Winter Solstice and Yule, which I learned meant, ‘Feast of the Wheel,’ was a celebration of the ancients. Solstice celebrations were not concepts practiced only by the ancient Europeans; these traditions and customs of honoring and welcoming the sun can be found throughout history, being celebrated by people on every continent. I learned that in this rite of Winter, we welcomed not only the coming of a new year, but the excitement and preparation of the rebirth of life. It was a time of readying and a time to reflect; a time to help others and honor those who had passed into the veil.

One of my favorite parts of this holiday is the tradition of the Yule Log. This Yule Log is a Witch’s Yule Log and is, perhaps, done a bit differently than others of which you have heard. A Witch’s Yule Log is used to call the spirits of your loved ones that have passed.

I can see my Great Grandmother’s house as clearly as if I was there today. It was made of wood; grayed by time and age. There were great stones which made the fireplace wall and flat ones stacked at the corners of the house that held it up from the ground. In the Winter, the back porch was filled with wood waiting for the fire. The windows give a warming, luminous glow from the candles placed in them for the holiday. And in my eyes, as a child, that was what love and peace must surely have looked like.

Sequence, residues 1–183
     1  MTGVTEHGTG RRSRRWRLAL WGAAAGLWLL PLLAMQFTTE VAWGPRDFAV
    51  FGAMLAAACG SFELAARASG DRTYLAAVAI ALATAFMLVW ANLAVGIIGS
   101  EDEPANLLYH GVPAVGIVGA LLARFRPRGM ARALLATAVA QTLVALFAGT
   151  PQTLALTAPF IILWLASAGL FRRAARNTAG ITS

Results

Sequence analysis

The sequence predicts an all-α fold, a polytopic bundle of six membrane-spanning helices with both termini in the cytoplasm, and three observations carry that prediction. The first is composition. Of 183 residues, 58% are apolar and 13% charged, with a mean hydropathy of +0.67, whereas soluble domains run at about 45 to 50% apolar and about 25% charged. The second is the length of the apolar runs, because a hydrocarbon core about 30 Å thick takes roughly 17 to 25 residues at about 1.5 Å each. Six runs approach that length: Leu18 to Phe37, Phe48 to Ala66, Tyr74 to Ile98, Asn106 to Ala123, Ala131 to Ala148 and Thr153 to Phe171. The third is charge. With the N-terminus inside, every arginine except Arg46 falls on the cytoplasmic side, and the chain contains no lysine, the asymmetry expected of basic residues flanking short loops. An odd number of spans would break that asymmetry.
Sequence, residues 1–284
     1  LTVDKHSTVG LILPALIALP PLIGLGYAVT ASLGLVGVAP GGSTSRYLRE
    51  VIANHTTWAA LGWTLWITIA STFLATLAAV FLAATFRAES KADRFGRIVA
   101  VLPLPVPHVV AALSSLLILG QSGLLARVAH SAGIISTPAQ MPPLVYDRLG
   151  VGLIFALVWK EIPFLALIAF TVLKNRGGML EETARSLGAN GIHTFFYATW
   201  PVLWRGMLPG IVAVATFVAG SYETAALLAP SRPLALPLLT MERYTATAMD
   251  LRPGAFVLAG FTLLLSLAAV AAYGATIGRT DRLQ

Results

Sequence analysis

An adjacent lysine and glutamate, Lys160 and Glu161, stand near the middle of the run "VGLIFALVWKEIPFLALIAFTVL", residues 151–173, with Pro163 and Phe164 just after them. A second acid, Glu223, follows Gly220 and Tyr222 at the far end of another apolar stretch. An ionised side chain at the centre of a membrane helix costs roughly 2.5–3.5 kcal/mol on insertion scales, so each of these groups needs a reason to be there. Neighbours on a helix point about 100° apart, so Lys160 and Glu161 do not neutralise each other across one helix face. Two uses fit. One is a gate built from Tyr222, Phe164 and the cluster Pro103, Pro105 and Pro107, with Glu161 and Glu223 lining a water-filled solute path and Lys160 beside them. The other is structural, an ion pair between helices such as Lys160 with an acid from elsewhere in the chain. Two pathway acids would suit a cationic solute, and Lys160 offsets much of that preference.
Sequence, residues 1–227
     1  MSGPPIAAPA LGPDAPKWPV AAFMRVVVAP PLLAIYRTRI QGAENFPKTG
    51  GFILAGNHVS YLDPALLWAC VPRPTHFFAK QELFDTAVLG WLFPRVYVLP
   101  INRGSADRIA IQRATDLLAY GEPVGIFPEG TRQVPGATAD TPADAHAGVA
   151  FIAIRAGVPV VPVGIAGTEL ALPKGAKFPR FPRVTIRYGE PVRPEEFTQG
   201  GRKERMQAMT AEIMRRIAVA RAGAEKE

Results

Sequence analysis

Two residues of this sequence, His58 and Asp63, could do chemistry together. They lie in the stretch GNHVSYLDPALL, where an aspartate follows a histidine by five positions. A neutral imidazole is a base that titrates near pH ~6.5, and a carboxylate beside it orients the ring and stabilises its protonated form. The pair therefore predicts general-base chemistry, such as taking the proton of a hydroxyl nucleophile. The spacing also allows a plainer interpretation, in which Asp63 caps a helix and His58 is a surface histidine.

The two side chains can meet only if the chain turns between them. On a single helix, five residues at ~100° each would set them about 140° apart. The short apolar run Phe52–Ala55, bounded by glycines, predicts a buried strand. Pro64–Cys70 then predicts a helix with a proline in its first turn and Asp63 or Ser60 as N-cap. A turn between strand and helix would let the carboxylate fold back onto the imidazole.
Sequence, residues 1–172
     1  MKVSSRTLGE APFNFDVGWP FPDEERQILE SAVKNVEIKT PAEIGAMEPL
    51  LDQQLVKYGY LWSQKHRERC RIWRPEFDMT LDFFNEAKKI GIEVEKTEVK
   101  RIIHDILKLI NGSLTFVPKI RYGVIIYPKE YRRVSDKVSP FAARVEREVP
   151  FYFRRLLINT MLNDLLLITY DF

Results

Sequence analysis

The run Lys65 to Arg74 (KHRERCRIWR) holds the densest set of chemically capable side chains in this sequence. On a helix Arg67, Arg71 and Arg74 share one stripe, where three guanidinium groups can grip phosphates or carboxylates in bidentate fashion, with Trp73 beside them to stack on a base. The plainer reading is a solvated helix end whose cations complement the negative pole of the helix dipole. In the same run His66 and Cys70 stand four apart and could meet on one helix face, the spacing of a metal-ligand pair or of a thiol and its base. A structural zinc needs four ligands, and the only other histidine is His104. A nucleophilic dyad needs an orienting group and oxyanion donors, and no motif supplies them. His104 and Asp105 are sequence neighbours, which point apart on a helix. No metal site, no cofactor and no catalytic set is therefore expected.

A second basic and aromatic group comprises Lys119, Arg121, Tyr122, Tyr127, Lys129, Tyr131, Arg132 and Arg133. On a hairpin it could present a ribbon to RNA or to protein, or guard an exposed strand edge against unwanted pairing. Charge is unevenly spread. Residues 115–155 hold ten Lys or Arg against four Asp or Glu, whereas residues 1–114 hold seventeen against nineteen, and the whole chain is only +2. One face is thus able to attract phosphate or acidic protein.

In December, it was fiercely cold, even in the house. You had to wait until the fires were rekindled and had time to warm each room. I didn’t always look forward to getting out of my cozy soft bed. It was warm and I liked being in a little nest of my own. I would sink deep into the down mattress, bundled tightly in my Great Grandmother’s handmade quilts; each quilt made from tiny pieces of the past, filled with stories of people and lives long passed from this world. But, I only needed to be called once, quickly grabbing my clothes and running into the kitchen where it was warm. I would stand behind the stove where the pipe came out of the wall and there I would dress, being cautious not to touch any part of the red hot stove.

I remember how I looked over and, on the kitchen table, saw a small box wrapped in green and red cloth and tied with brown cord. I was so excited and wanted to find out what might be in the box. My Great Grandmother sat down at the table with her cup of coffee and told me that I could open it. I shook it; it felt light. Then, as if I was performing some great act of discovery, I opened the box to find a big chuck of shiny, gray charcoal. I looked at my Great Grandmother with a curious eye, wondering what secrets this small black stone might possible hold. Smiling back at me, she said, “This is a key, a key to a doorway of those we love, but no longer see.”